Faster. Higher. Longer. Stronger. There is no question that the quest to excel runs deep. That is why, several months ago, I leapt on the chance to help break a national record. This was no Olympian-style endeavour – it involved learning the steps to a dance, dressing up as a zombie and heading to a town called Lithgow, in the Blue Mountains, west of Sydney.
The event was part of Lithgow’s Halloween celebrations, and an official attempt to smash the Australian record for the largest number of costumed people dancing in unison to the Michael Jackson song ‘Thriller’. It stood at 450 dancers, according to the town’s website, and with thousands expected as grizzly ghouls from every tomb, what could possibly go wrong?
When the big day came the crowds were huge and the atmosphere electric. Jason Jackson, billed as Australia’s top Michael Jackson tribute artist, performed a high-voltage set of Michael Jackson songs and readied himself to lead the ‘Thriller’ record-break attempt.
Sadly, things did not go according to plan. Jackson and his dancers strode onstage to lead the attempt but too many in the audience seemed unaware that this was no run-through – it was the real thing. Before you knew it, the moment had passed. “We tried our best,” said a disappointed Jackson afterwards. The ‘Thriller’ record would have to be broken another day.
Some record-breaking attempts fail far more spectacularly. When media company BuzzFeed broke Facebook online viewer records by live-streaming its employees putting rubber bands around a melon until it exploded, others found themselves inspired to repeat the stunt. One attempt by a Chinese duo went wincingly wrong, leaving one man in hospital after a piece of fruit hit him in the face while hundreds of thousands of people watched on.
Facebook has turbo-charged other, more laudable, record attempts. In November 2016 Australian actor Samuel Johnson used the Facebook page of Love Your Sister, the breast cancer fundraising charity he launched when his sister Connie was diagnosed with terminal breast cancer, to announce that it was time to tackle a new world record. Johnson already had skin in the game. In 2014, he completed the longest ever unicycle journey, peddling 15,955 kilometres around Australia over 364 days and raising almost $1.5 million for cancer research.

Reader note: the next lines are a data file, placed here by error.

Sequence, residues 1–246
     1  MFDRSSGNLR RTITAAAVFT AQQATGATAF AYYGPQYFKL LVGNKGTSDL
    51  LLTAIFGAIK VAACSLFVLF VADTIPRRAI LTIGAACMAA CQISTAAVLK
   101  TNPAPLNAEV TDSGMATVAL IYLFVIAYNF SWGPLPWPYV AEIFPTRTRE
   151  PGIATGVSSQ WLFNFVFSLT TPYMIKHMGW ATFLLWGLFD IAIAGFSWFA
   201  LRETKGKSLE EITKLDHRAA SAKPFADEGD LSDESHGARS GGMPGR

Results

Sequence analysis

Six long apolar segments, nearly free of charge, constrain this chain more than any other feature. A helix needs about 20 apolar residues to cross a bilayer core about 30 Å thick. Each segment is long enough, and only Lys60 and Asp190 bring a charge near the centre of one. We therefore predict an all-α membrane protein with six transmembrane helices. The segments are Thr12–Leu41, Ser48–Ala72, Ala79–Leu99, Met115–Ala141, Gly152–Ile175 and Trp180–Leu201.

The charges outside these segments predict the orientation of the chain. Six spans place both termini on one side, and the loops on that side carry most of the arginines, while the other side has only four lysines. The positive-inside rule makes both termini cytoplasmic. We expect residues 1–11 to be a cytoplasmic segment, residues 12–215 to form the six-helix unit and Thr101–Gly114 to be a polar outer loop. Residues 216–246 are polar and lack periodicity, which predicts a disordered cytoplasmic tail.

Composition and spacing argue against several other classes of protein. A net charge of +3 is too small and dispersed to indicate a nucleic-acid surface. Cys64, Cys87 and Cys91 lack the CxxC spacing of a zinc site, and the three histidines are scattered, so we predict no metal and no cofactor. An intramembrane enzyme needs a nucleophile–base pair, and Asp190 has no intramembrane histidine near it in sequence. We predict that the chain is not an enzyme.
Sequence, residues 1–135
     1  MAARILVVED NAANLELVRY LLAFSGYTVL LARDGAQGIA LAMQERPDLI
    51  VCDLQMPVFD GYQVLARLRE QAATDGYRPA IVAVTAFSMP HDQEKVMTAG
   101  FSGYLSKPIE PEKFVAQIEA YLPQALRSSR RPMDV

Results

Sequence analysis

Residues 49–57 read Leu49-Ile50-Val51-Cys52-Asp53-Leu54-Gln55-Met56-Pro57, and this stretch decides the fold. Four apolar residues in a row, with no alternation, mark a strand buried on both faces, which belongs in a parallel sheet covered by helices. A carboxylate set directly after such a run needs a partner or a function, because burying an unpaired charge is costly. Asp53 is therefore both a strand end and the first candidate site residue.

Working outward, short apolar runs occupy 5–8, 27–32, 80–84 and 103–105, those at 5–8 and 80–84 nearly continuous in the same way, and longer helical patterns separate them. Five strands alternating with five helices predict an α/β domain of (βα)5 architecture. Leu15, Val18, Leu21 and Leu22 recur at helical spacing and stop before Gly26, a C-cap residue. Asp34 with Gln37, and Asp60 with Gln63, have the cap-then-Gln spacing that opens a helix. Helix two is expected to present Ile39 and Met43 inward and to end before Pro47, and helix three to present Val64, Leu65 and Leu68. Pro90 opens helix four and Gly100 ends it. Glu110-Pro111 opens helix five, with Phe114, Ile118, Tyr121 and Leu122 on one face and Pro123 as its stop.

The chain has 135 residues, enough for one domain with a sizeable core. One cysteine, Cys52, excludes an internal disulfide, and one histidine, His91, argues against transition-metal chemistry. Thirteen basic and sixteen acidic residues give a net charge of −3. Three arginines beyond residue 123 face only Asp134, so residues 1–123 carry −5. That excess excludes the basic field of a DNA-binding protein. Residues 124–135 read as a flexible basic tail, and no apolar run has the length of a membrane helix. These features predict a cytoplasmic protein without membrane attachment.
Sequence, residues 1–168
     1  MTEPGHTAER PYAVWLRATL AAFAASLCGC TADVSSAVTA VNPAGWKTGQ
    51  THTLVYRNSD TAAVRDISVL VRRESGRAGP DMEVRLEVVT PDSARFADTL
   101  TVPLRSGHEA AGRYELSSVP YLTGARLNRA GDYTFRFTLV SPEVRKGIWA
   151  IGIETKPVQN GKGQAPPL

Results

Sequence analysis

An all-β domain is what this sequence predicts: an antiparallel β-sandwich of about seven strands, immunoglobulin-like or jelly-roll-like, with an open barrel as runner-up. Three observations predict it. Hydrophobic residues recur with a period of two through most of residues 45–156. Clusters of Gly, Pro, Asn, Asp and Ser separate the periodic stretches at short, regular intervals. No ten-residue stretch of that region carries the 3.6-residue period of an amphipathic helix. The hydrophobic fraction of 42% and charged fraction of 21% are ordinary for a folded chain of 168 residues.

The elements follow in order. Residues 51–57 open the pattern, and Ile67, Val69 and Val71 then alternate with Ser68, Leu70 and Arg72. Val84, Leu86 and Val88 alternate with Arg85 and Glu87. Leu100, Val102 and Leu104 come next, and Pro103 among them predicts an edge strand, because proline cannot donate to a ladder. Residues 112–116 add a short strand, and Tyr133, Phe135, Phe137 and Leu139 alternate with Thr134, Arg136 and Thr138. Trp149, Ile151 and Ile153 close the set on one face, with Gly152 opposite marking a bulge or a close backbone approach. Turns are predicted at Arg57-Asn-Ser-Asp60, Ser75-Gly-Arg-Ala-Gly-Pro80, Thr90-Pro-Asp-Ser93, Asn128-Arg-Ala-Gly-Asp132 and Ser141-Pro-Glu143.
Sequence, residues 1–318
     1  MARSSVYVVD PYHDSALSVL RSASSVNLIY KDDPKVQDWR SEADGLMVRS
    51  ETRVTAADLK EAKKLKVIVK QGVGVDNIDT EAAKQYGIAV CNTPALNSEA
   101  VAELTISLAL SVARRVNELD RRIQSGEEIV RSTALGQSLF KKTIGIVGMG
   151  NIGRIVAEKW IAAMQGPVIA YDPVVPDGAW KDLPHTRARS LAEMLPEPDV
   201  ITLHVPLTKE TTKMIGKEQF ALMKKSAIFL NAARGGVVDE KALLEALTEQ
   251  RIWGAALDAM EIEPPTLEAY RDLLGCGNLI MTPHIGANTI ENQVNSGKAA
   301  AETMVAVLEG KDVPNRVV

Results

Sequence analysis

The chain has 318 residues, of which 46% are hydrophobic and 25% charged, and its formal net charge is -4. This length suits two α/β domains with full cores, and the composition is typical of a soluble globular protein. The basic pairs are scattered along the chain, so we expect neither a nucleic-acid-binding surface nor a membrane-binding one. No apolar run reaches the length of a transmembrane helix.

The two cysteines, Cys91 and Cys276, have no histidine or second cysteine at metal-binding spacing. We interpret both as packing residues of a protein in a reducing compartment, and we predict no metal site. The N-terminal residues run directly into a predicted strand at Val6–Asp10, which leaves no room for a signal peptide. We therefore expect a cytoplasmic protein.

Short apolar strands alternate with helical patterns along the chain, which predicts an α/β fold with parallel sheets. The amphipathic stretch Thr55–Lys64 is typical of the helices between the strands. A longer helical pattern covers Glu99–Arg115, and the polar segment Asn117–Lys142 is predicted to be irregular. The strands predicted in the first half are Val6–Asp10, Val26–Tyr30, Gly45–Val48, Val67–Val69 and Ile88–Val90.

This time the idea was Connie’s: to break the world record for the longest line of coins using four million five-cent pieces. For that they would need almost $196,000. Within 24 hours, supporters had donated almost $160,000.
“I can’t get this silly grin off my face,” wrote Connie on Facebook about the phenomenal support for their world record attempt. “It’s possible that I am not only the happiest cancer patient in the country right now, but that I am the happiest person, full stop.”
Records come in all shapes and sizes. In 2016, Adelaide’s Dulwich Bakery created the world’s biggest-ever custard slice, an enormous sweet treat measuring 1.94 metres by 6.04 metres, with a depth of 55 millimetres and a weight of over 804 kilograms.
This year Didga, a cat from Tweed Heads in New South Wales, became a Guinness World Record holder for performing 20 tricks in a minute – the highest number ever officially established. The tabby, which can do everything from high-fiving, spinning and rolling on command to jumping over a bar while on a moving skateboard, belongs to Robert Dollwet, a former Hollywood animal trainer who claimed that she has since broken her own record by another four tricks.